BY DANIEL VAUGHN · JANUARY 6, 2015
That beef is more expensive than it was a year ago is no surprise, and this trend doesn’t look to be easing up anytime soon. As David Anderson, a Texas A&M professor of ag economics, told a room full of barbecue joint owners last month at the university’s first-ever Barbecue Town Hall, retailers should plan on two or three years of elevated pricing.
Of the many slides he presented that illustrated the corn, pork, and beef markets, the one on average wholesale prices of beef showed that numbers steady since mid-July—around $3.00 per pound—up significantly from 2013’s price of $2.20. Brisket is even worse. This past week the price for whole, choice briskets was $3.45 per pound, up from $2.14 a year earlier. On Friday, Urner Barry, a research company that tracks commodity markets, provided some bad news about the immediate future for pitmasters. Brisket prices will continue to rise to record levels.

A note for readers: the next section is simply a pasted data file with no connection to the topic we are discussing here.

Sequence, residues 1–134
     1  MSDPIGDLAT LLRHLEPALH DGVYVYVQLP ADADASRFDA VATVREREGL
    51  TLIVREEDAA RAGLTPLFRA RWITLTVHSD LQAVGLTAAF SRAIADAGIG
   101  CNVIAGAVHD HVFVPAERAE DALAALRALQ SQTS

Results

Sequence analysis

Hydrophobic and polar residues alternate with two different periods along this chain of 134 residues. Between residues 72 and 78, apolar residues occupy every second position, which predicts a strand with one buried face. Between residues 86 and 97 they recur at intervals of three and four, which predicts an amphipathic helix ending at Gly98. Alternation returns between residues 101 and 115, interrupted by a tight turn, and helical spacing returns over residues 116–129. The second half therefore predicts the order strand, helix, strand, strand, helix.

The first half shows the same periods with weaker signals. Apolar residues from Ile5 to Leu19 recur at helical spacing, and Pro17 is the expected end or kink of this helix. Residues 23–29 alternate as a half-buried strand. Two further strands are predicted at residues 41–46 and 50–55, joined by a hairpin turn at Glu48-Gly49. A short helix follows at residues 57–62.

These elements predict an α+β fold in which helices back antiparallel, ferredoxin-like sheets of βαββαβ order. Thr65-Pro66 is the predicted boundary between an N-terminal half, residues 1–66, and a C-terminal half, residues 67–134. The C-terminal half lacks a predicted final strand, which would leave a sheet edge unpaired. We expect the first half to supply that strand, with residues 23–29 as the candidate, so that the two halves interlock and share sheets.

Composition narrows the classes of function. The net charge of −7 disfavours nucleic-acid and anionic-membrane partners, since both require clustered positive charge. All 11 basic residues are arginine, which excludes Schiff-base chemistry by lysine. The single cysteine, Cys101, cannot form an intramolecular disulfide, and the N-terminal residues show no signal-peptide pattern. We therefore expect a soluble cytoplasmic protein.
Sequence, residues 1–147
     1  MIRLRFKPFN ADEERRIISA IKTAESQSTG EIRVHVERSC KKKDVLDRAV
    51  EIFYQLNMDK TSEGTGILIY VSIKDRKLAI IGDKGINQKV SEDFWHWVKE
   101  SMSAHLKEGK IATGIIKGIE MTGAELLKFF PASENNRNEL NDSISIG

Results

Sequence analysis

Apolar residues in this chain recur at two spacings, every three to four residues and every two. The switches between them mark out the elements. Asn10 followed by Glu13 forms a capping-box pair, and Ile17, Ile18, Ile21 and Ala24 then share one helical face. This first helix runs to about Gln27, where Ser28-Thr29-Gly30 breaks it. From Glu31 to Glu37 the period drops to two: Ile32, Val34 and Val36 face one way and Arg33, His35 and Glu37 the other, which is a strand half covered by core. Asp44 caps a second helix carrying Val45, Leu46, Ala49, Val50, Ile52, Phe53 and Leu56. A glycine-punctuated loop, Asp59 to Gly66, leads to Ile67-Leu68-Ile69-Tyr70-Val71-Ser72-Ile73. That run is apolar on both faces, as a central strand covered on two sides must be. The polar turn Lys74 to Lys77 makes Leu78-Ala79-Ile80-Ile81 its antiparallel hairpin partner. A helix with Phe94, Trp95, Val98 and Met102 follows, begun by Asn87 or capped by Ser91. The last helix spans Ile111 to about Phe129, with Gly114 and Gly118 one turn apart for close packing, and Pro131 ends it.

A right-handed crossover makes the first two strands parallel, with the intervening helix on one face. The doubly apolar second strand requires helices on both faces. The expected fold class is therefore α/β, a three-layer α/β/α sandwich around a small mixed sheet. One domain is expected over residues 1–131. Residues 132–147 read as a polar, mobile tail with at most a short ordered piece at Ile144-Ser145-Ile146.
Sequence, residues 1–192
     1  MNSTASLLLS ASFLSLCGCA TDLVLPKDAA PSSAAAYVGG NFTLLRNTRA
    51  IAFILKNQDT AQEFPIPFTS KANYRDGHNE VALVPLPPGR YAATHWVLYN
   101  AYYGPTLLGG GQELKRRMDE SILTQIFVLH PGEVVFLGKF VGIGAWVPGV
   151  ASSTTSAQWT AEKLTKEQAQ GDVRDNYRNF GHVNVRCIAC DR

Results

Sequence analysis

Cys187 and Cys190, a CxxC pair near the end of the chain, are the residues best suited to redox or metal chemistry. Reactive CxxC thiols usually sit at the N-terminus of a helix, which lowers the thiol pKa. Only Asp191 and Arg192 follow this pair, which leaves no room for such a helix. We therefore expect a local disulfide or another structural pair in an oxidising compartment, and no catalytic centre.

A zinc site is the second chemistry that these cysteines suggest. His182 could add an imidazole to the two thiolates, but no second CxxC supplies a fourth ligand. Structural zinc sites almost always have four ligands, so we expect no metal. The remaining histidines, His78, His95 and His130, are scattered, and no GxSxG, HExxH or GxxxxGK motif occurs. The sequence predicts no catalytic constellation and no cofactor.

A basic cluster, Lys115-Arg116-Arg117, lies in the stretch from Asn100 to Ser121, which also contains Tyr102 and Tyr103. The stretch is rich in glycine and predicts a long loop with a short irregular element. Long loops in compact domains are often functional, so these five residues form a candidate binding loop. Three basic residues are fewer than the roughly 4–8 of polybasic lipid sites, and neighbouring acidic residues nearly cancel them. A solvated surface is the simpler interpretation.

Stephen Joseph, the owner and pitmaster of Riverport BBQ in Jefferson, Texas, said he’s already seeing the difference. His beef supplier warned him to expect a rise of $0.25 per pound next week so he added a bit more to his order this week trying to stave off the financial affects from his most popular menu item. At the Town Hall, I asked the crowd what other proteins they’ve tried to highlight other than brisket. Russell Roegels of Rogels Barbecue Co. in Houston said “any special we have is anything but beef.” Others pointed to chicken or even pork since prices have gone down recently. Smoked turkey breast is another popular option. It’s primarily sold frozen and has only one predictable seasonal price spike per year.
There’s also not much loss in a lean smoked turkey breast, but let’s face—Texas is a beef state. “We’re all looking for new proteins to serve,” says Wayne Mueller of Louie Mueller Barbecue. “I don’t think we ever want to get out of the beef business, because it’s essential to who we are.”
For the complete story: The End of Cheap Beef : TMBBQ.